Recently, Craig Groeschel wrote a brief, helpful article on "Why I Still Believe in Small Groups." It's a worthwhile read. I respect Craig Groeschel and value many things I've learned from him. I believe in small groups, too, and have been a part of some sort of small group for the last 15 years or so.
As much as I value and promote small groups, though, most would agree these shouldn't be PRIMARILY equipping environments. I agree with this myself, and so figured an equally-brief post on "Why I Still Believe in Adult Equipping Environments" may be in order:
1. They uphold the consistent biblical priority of teaching.
Teaching is a priority for the people of God in both Old and New Testaments. This can happen informally, but should happen formally as well. Adult equipping environments are a great way to uphold this biblical priority.
2. The fledging church was an early adopter of equipping and training. We can learn from that.
From the earliest days after the apostles, the Christian church started to write, catechize, support libraries, and value education. Adult equipping environments aren't a 19th or 20th century innovation; rather, equipping and catechesis in the local church can be traced to the very beginnings of the Christian church.
3. They help lay the foundation for a lifetime of growth.
Setting the table. Laying the foundation. Setting the trajectory. Pick your image - adult equipping environments help in all of these ways, taking people who may not have any background in Christianity or any framework for thinking about discipleship and pointing them in a right direction.
4. Discipleship involves (and values) the mind.
Let's not forget that Jesus talked about loving God "with all our mind" (Matthew 22:37), and Paul acknowledges the reality that there are worldview that "set themselves up against the knowledge of God" (2 Corinthians 10:5). Discipleship involves and values the mind.
5. They build leaders.
6. There are people in local churches who love to learn and ask questions.
I talk with people at church all the time who want to dig more deeply into certain areas of Christianity - to either ask "the tough questions" or dig into the riches of the Christian faith. The Sunday morning worship service isn't really conducive to this, and small groups aren't always the best places to wade into this sort of thing either. Rather than simply sending people into the depths of the internet for resources and answers, it's beneficial to have equipping environments in the local church that can help people think issues through clearly.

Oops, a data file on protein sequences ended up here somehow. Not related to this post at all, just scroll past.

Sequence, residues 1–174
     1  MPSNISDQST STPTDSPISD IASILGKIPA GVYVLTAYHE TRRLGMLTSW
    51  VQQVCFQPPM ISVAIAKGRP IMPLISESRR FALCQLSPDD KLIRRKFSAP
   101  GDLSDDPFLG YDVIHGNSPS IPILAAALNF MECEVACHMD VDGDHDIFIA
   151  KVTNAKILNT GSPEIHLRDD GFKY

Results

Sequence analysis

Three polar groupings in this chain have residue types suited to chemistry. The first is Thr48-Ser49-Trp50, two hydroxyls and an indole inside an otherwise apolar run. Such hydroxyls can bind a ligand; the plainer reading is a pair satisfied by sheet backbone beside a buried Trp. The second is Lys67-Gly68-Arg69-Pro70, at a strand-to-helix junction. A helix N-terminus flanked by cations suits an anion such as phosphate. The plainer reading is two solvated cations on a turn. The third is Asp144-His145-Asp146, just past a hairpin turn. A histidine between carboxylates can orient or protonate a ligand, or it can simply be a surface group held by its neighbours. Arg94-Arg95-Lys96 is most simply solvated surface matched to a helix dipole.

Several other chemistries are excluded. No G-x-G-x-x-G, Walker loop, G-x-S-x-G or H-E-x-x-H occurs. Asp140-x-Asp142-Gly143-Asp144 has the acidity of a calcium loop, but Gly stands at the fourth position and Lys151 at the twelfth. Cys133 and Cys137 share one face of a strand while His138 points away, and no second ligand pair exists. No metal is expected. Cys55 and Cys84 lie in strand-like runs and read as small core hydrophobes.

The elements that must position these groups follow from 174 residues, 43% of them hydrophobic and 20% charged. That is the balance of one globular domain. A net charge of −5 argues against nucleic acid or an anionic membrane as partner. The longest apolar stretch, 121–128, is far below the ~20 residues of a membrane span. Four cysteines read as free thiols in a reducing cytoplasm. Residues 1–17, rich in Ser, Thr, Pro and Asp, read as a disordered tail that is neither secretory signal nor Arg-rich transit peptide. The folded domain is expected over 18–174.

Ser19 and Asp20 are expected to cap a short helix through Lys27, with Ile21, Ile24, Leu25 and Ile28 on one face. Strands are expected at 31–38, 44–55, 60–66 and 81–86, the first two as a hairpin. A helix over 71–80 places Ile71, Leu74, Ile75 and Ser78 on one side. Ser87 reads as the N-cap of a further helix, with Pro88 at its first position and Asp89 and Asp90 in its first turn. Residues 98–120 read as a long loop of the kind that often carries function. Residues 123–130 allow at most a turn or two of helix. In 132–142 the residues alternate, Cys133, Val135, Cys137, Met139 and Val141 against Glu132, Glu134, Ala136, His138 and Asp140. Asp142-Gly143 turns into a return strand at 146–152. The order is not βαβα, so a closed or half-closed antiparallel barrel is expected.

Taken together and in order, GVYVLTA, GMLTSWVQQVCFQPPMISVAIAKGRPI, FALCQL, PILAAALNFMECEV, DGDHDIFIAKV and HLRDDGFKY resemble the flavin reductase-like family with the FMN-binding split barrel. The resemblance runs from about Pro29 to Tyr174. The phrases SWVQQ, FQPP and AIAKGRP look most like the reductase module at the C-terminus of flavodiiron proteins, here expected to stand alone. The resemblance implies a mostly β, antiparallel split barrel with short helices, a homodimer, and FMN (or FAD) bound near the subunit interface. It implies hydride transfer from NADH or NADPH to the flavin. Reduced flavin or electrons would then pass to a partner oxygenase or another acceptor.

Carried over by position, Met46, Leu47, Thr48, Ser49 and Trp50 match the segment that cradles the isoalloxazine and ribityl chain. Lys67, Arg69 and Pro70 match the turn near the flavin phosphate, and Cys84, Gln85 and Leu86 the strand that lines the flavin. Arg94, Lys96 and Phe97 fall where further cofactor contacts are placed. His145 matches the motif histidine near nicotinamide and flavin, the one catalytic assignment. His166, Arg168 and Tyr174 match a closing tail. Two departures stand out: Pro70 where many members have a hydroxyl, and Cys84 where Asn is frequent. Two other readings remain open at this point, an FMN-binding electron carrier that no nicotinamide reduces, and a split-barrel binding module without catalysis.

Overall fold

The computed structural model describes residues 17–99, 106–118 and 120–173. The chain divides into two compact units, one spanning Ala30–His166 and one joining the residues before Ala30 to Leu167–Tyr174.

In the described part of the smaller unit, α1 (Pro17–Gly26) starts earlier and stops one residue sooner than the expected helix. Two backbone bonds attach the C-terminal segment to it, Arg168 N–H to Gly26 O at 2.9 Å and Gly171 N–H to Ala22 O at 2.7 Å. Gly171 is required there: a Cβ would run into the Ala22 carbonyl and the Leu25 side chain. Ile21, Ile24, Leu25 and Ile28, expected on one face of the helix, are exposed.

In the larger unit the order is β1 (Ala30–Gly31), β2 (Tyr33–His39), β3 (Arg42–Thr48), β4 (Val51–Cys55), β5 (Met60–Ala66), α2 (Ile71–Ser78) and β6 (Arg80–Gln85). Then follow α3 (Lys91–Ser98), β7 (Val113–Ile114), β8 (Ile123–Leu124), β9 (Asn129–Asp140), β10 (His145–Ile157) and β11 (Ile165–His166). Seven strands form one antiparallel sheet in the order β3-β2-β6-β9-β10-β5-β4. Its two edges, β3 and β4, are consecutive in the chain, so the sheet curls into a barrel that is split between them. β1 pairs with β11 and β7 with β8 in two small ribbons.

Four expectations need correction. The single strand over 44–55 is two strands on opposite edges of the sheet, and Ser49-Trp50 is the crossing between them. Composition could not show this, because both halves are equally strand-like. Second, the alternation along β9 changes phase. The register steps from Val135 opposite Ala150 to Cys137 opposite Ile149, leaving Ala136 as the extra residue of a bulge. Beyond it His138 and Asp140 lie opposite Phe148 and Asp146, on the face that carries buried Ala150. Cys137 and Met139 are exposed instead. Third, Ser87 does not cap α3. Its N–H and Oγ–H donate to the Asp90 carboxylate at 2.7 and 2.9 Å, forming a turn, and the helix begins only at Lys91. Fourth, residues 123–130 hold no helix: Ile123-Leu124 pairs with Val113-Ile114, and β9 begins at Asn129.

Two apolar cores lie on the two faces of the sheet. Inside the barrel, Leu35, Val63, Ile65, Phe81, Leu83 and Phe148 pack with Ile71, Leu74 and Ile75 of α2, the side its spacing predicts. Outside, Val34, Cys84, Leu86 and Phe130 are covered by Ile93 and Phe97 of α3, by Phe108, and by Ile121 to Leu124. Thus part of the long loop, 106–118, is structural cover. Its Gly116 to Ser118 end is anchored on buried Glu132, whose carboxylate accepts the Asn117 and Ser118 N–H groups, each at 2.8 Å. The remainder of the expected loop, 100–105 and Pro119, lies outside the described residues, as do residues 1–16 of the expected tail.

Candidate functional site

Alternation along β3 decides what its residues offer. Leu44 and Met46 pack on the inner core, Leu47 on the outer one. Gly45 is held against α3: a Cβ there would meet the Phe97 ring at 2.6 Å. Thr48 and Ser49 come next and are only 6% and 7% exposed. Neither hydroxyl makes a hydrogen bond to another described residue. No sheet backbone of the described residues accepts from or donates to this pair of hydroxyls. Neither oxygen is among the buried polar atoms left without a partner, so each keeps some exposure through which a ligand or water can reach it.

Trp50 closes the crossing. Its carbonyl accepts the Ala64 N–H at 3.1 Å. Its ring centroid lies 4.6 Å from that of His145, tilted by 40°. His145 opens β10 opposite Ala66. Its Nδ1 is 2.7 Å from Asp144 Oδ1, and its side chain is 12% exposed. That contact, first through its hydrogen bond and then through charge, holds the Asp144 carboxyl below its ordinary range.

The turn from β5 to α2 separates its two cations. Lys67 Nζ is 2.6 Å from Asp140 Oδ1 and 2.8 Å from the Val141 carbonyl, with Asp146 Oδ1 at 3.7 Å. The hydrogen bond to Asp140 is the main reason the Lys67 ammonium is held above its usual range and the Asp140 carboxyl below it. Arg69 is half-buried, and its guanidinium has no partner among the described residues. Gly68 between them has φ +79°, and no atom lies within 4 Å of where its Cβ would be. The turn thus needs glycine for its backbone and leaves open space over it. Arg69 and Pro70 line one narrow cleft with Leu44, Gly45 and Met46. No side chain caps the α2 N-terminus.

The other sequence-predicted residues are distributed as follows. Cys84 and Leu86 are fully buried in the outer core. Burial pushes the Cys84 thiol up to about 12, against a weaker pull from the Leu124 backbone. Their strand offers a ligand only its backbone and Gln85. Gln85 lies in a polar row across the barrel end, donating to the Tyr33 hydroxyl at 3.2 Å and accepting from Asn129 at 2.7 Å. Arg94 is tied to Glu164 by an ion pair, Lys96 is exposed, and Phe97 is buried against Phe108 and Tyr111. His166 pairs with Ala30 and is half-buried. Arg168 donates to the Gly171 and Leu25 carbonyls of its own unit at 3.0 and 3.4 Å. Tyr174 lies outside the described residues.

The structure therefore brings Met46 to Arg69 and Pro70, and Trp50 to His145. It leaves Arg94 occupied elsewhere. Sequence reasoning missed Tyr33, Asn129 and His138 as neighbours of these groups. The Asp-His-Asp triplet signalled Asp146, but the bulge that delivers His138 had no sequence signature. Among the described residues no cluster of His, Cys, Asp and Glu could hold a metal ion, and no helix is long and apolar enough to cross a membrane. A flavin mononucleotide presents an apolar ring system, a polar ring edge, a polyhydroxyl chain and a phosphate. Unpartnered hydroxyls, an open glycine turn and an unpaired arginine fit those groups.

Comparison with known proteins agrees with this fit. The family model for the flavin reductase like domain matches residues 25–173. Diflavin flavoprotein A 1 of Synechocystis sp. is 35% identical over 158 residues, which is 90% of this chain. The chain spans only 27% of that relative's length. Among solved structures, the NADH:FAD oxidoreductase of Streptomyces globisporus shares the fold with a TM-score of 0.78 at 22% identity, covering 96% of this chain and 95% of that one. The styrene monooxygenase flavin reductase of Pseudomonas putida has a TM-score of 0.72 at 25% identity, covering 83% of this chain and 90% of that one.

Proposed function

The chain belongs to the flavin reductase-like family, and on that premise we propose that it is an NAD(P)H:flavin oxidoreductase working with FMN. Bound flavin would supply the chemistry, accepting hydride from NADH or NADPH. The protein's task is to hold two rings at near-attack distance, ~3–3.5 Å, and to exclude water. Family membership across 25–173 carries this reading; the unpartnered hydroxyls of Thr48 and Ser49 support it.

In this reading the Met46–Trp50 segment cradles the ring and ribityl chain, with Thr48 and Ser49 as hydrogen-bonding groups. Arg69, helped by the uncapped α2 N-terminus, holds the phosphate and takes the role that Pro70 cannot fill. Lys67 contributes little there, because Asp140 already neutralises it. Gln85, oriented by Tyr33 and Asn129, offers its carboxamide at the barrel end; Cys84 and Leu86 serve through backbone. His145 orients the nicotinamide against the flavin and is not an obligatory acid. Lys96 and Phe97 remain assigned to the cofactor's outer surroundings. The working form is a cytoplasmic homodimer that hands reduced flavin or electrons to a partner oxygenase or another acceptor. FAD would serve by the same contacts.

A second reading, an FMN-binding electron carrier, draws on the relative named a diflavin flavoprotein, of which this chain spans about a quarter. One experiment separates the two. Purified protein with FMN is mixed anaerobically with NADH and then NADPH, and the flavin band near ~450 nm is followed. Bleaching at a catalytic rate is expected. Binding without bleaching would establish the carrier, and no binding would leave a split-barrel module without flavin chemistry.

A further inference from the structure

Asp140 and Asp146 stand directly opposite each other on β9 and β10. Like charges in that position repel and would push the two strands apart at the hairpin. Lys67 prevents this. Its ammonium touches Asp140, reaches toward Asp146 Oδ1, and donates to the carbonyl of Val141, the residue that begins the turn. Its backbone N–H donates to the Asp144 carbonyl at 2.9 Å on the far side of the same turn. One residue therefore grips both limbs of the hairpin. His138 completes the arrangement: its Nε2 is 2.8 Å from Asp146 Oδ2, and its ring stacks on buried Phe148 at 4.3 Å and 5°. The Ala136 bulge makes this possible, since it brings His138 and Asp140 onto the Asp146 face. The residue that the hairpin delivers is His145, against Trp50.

7. The needs for biblical literacy and theological formation haven't gone away.
Recent survey results among evangelicals confirm that biblical literacy is on the decline, and people are often more formed theologically by media & culture than God's Word and historic Christian orthodoxy. Adult equipping environments are a key way to respond to this.
8. They can help us think through things clearly and comprehensively, under the guidance of someone who has probably studied this area more than we have.
Pretty much every career and lifestyle I know values "continuing education" - so professionals can stay up with current learning and maintain a healthy trajectory. Aren't equipping environments in the local church a way to apply this common-sense practice among Christians?
9. They have changed my life.
Full disclosure: I love to learn and I enjoy teaching in classroom environments. My personality and gifts gravitate towards this stuff. Nevertheless, the interactions I've had in these sorts of environments have been valuable at shaping me, and the ways teachers have opened up Scripture in fresh ways have left lasting imprints on my life. Adult equipping environments are still doing this.
What would you add to (or reinforce about) this list of why adult equipping environments are still important?
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